News
Photo Information

Lance Cpl. Thomas Flanigan, a marksmanship instructor at the Carlos Hathcock Range Complex aboard Marine Corps Air Station Miramar, Calif., offers guidance to a shooter after a course of fire, July 29. The Corps’ newest pistol marksmanship qualification, the Combat Pistol Program, implemented October 2013, allows marksmanship coaches Corpswide to make training more realistic for the thousands of Marines and Sailors who qualify annually.

Photo by Cpl. Christopher Johns

Hathcock Range coaches ensure realistic training

31 Jul 2014 | Cpl. Christopher Johns

San Diego Marines and Sailors participated in annual training with the Marine Corps’ newest pistol qualification program at the Carlos Hathcock Range Complex aboard Marine Corps Air Station Miramar, Calif., July 29.
 
The Combat Pistol Program, implemented October 2013, allows marksmanship instructors Corpswide to make training more realistic for thousands of Marines, Sailors and Marine Corps civilian police officers who qualify annually. 
 
The program focuses on firing multiple shots from close distances, rapid reloading and remediating weapons safety skills. These skills ensure service members and Marine Corps civilian police officers remain ready to protect themselves and others in the line of duty.  
 
“We train as we fight,” said Sgt. Cameron Garrett, marksmanship instructor and pistol range noncommissioned officer in charge at the Carlos Hathcock Range Complex, and a Fort Worth, Texas native. “We have to be ready for anything that could come up in combat.”
 
The new program includes shooters drawing their M9 Berretta pistol from a holster and firing on a target, and then holding their pistol in a ready position while searching and assessing the area around them for more threats. 
 
“No one is going to [hold] their pistol at a [ready position] at all times, especially when you have to run, jump, climb over walls or help another Marine off the ground,” said Garrett. “You need to be able to pull your weapon from the holster, aim and neutralize the threat as quickly and accurately as possible.”
 
The program also utilizes a new type of target. Shooters fire at an armed, human-shaped silhouette from 7-, 15- and 25-yard distances. Initially, coaches explain to the shooters how to engage the targets properly. Then, once the targets turn to face them, shooters open fire, allowing the Marines to train in a way that is more realistic to what may occur in a combat environment.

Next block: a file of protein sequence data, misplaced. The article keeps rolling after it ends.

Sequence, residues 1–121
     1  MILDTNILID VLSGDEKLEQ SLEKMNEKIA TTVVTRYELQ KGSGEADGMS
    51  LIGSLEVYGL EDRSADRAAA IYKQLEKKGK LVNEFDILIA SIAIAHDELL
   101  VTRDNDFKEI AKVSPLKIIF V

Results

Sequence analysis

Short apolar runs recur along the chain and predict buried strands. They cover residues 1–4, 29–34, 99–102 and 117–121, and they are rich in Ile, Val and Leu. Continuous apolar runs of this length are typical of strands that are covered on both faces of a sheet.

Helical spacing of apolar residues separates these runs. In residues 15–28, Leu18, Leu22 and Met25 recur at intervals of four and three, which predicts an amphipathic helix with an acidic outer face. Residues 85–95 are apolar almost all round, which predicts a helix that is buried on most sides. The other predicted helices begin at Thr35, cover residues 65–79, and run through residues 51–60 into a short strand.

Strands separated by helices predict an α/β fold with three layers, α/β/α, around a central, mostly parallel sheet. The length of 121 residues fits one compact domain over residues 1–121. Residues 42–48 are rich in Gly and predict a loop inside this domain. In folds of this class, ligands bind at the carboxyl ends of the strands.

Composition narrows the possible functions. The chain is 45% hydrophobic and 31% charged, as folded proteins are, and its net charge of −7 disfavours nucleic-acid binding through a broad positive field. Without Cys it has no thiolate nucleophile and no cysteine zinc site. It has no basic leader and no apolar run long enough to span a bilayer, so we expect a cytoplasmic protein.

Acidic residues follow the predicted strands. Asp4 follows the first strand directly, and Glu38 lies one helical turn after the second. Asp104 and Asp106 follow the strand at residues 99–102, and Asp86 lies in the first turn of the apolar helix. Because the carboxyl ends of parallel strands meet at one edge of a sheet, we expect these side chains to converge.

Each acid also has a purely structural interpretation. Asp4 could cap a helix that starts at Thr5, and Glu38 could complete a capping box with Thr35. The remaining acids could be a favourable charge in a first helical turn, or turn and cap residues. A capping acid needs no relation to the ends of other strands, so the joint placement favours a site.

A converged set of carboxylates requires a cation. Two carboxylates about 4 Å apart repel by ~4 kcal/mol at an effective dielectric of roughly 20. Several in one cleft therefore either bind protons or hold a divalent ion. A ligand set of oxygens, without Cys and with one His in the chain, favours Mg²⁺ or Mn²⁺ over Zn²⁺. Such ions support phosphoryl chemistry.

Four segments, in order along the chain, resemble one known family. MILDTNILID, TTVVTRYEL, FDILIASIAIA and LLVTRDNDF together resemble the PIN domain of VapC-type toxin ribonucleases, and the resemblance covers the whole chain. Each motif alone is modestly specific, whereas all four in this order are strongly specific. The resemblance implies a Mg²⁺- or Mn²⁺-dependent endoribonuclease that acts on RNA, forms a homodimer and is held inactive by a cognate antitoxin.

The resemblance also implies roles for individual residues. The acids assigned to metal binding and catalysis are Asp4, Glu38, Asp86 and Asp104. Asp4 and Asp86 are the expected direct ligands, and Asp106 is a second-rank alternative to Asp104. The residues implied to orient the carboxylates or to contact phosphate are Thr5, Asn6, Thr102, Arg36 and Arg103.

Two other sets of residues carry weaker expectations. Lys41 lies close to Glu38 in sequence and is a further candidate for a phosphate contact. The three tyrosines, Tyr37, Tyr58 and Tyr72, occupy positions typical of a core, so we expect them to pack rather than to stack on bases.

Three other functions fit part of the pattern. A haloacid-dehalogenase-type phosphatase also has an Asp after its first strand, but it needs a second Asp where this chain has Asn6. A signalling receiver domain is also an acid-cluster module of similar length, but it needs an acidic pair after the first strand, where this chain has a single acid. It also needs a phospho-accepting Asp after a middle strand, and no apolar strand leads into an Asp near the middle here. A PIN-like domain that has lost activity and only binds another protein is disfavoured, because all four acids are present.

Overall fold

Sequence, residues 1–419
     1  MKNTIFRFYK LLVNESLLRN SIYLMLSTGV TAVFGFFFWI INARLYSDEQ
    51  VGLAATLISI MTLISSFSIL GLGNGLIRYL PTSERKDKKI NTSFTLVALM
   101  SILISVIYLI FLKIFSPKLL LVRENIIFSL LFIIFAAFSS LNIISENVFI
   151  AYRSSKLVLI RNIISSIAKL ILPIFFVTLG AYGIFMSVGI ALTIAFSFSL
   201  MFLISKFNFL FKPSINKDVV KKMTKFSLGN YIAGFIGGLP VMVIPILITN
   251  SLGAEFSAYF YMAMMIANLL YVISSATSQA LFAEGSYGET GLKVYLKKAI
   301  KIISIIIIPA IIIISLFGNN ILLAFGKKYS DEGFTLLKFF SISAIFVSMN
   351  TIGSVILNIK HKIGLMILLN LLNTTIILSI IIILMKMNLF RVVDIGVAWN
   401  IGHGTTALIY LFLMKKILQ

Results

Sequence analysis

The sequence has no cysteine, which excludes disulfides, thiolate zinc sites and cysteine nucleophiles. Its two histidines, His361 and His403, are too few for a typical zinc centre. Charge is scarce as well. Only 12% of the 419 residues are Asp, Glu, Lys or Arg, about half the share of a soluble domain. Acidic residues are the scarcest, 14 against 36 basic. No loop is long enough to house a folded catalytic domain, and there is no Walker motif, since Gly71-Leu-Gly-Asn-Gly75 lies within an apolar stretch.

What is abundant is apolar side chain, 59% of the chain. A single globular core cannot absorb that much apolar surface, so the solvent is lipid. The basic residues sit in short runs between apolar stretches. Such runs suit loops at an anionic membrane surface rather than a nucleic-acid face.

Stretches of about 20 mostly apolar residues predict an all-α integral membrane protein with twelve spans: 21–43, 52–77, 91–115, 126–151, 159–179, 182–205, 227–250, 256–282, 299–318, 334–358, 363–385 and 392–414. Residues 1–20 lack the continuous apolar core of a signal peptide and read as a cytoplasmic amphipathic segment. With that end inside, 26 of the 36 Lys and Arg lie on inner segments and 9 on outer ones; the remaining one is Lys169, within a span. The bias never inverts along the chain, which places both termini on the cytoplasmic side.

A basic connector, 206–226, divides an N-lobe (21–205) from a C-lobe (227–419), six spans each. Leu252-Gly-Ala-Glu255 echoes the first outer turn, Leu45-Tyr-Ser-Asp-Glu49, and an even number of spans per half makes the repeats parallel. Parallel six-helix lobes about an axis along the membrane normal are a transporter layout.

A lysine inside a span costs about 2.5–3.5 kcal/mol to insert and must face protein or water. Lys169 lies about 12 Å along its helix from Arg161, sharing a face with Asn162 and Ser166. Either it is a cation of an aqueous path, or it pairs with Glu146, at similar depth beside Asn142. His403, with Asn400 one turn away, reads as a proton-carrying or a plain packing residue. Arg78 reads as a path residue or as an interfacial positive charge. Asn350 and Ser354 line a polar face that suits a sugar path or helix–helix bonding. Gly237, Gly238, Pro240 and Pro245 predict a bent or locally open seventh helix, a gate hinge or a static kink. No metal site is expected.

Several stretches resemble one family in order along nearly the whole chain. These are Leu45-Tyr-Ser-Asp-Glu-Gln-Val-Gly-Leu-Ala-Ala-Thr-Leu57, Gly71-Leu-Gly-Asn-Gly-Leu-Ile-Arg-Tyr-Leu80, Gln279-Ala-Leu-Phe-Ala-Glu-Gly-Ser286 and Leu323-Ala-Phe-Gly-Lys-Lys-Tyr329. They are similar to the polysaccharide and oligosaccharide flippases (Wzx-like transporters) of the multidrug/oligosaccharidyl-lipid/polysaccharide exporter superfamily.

“This simulates the enemy popping out from around a corner, [out] from cover and even opening a door,” said Garrett. “Once they engage that enemy and neutralize the threat, [Marines] don’t go back into ‘Oh, I’m safe’ mode and put their pistol away. We try to teach them to maintain that alertness, observe their surroundings, in front of and behind themselves, and ensure that they are in no immediate danger before they [holster] their weapon.”
 
Coaches still teach the fundamentals of the weapon system: how to handle, aim, fire and maintain the weapon. They also emphasize being vigilant. 

“I like the fact that it’s more combat oriented because this is actually what you would do, rather than just marksmanship training in a combat environment,” said Gunnery Sgt. Daryl Porter, aircraft survivability equipment coordinator and LITENING Targeting Pod coordinator with the Aviation Logistics Department, 3rd Marine Aircraft Wing. “The last range was a lot slower paced and there was no stress to it. With this new program, there is stress, similar to what you might feel in combat, so there is more intensity and pressure on you to perform like in a combat situation. If you instill reality into your training, then you perform like you train, and if you’re training right, then you’re good.”

Marines, Sailors and civilian police officers attending training at the pistol range can expect to participate in the new program, which will better help them employ the M9 Berretta pistol.

3rd Marine Aircraft Wing